Scottish Government statistics for 2012-13 show 16% were classed as living in relative poverty - where their household income is less than 60% of the average.
But when housing costs were factored in that rose to 19% of the population - with 1,000,000 people facing financial difficulties after paying for their accommodation.
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The number of children living in poverty also rose last year, along with the total of both working age adults and pensioners in this position.
Deputy First Minister Nicola Sturgeon said the statistics show independence is "vital" for Scotland to tackle the problem.
"Scotland is one of the richest counties in the world and there is no reason for children to be living in poverty in our society," she said.
"The fact is that the reduction in poverty seen in recent years is now being reversed. Westminster welfare reforms, such as the reduction in in-work tax credits, are reducing incomes for some of our poorest households."
A total of 180,000 children in Scotland were living in relative poverty in 2012-13, an increase of 30,000 from the previous year.
This means almost one in five youngsters (19%) were affected, up from 15% in 2011-12.
Meanwhile, 480,000 people of working age were classed as living in relative poverty - 15% of this section of the population - which is up by 70,000 from 2011-12.
The number of pensioners living in relative poverty also increased by 10,000 in 2012-13 to stand at 150,000, with 15% of senior citizens affected.
The figures also show that more than half (52%) of working age adults who were in poverty were in work, with some 250,000 people in this position in 2012-13.
Meanwhile, 110,000 children in poverty were living in families where at least one adult was in work, meaning 59% of youngsters in poverty were in working households.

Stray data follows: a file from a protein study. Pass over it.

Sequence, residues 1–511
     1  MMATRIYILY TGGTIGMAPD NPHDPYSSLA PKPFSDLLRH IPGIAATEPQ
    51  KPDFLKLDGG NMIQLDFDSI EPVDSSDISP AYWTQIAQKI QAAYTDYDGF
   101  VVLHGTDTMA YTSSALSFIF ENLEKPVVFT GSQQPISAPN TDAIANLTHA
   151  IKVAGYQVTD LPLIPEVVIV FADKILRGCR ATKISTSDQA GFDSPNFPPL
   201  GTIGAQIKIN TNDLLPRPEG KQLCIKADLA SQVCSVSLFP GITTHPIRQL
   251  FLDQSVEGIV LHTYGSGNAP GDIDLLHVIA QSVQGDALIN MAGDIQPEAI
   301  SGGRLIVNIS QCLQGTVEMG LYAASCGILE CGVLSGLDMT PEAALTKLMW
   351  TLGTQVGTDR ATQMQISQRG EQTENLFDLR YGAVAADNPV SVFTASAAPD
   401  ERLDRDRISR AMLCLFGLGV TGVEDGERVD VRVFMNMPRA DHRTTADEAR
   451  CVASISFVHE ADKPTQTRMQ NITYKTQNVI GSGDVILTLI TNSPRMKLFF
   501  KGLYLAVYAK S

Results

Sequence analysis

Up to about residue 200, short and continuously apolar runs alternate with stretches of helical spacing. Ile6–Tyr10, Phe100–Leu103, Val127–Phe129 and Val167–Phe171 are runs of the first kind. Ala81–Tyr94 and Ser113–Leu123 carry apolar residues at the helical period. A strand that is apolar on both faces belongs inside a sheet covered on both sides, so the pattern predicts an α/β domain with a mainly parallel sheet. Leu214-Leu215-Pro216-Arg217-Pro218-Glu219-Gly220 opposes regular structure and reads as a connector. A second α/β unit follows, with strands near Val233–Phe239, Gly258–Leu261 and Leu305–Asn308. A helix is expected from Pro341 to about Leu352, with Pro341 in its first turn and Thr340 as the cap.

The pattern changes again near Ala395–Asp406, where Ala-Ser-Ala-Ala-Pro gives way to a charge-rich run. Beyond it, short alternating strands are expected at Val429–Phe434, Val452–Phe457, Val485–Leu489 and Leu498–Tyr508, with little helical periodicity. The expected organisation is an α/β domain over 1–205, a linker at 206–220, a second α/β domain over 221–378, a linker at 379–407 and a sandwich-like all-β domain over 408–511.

The average income in Scotland fell to £23,000 in 2012-13, a drop of £400 from the previous year.
A couple with no children are classed as being in relative poverty if their income is £13,800 or less - the equivalent of £264 a week.
Ms Sturgeon said: "The Scottish Government has focused on doing everything we can to mitigate the harmful effects of Westminster welfare cuts - and we will continue to do so - but the impact is still being felt by the most vulnerable in our society.
"What is even more worrying is that 70% of the welfare cuts are still to come - Scotland will see its welfare budget reduced by over £6 billion by 2015-16. And some estimates suggest that up to 100,000 more children could be living in poverty by 2020 if we continue with Westminster policies. In other words, the unacceptable increase in the number of children living in poverty revealed by today's statistics could be just the tip of the iceberg."
She continued: "These figures show incomes are falling for families in Scotland. Our 'social contract' policies and our efforts to mitigate the impact of welfare cuts are designed to help, but we need the powers to do more.
"In an independent Scotland we would have the powers to provide one of the most comprehensive child care packages in Europe which would allow more parents to work. We would also be able to set up a commission to consider a new 'Scottish Minimum Wage' - which would at least rise in line with inflation - and ensure that benefits, allowances and tax credits keep rising with the cost of living.
"Today's figures demonstrate just how vital the full powers of independence now are, to enable us to create a different approach - one that supports our most vulnerable, encourages people into the workplace and provides a fair day's pay for a fair day's work."
A DWP spokesman said:
"The UK Government is committed to ending child poverty by tackling its root causes, including worklessness, low earnings and educational failure. Under this Government there are 300,000 fewer children living in relative income poverty and 290,000 fewer children in workless households across the UK.
"As part of our long-term economic plan, we have seen the largest rise in employment for over 40 years and unemployment is falling. Relative child poverty in Scotland has fallen since the mid-1990s and is lower than 2009/10 levels.
" We are making the welfare system affordable for the long term while supporting the living standards of poor families by freezing fuel duty, increasing personal tax allowance and cutting income tax for those on the minimum wage by almost two thirds."